We now embark on our third phase, in which we shift our centre of gravity from the studio out into our community, entering into relationship with it as a living collective, inviting gallery visitors to communicate and co-create with the sculptures through interactive sound and bodily engagement.


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Migration Parade
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January 2021 Studio
Migration Parade

With gratitude for the support of the Canada Council for the Arts



MicrocosmoSoma, 2015

Penticton Art Gallery, 2015 

Lake Country Art Gallery, 2017



This installation grew out of my experimenting with phenomenology and the artistic process. The first works were products of meditations, carried out in quite a structured way. I wanted to give myself a container to note what certain artistic functions felt like on the level of the physical senses. For instance, what do certain colours feel like when they touch the eye, and what is my experience of aesthetic or conceptual decisions on a body level? I am interested in the feelings and sensations that characterize the decision making process in art-making: What is the sensation of an aesthetic decision, or of balance in composition? What is the bodily experience of art-making? I made copious notes on some days during the making of these pieces, and on some days none at all. The structure was to record the date, and then the time I began and ended work on the piece for that sitting. I also recorded any thoughts, emotions, physical sensations and other phenomena that arose.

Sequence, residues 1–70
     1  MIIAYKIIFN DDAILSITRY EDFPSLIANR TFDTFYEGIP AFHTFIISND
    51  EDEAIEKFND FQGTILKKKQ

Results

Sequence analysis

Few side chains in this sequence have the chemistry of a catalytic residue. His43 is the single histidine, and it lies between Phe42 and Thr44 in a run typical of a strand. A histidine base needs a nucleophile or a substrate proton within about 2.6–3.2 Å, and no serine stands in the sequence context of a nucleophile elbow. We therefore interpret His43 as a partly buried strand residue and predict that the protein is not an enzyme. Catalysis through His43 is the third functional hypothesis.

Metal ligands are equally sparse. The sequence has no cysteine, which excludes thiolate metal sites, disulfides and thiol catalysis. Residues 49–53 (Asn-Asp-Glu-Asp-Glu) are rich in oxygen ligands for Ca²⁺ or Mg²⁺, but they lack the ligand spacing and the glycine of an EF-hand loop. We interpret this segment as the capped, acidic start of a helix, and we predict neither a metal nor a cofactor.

This process was influenced by my interests in the body-centred and psychoemotional therapies and different mindfulness and meditation approaches (emotional awareness approaches, Yoga, Feldenkrais method, Hakomi, Intermodal Expressive Arts, relational psychotherapies, Vipassana, Advaita/non-duality teachings, Buddhist approaches). All of these in many ways explore the nature of body/mind dualism.


The works weren't intended to be representational, yet I took delight in seeing them form into objects that resemble microscopic images of pollen, or cellular structures. The first experiments in phenomenology grounded the project and eventually gave way to working on the pieces as a collective, in a symbiosis of gallery space and artwork. Artwork continually evolves in its' encounter with us (the viewers, experiencers, perceivers, and meaning-makers) – us who so gracefully animate it by the simple act of gifting it our attention. For me, in this dynamic encounter between the artwork and those who experience it, relational space is lived and illuminated.



Artist Talk - Penticton Art Gallery, October 2015
00:00 / 00:00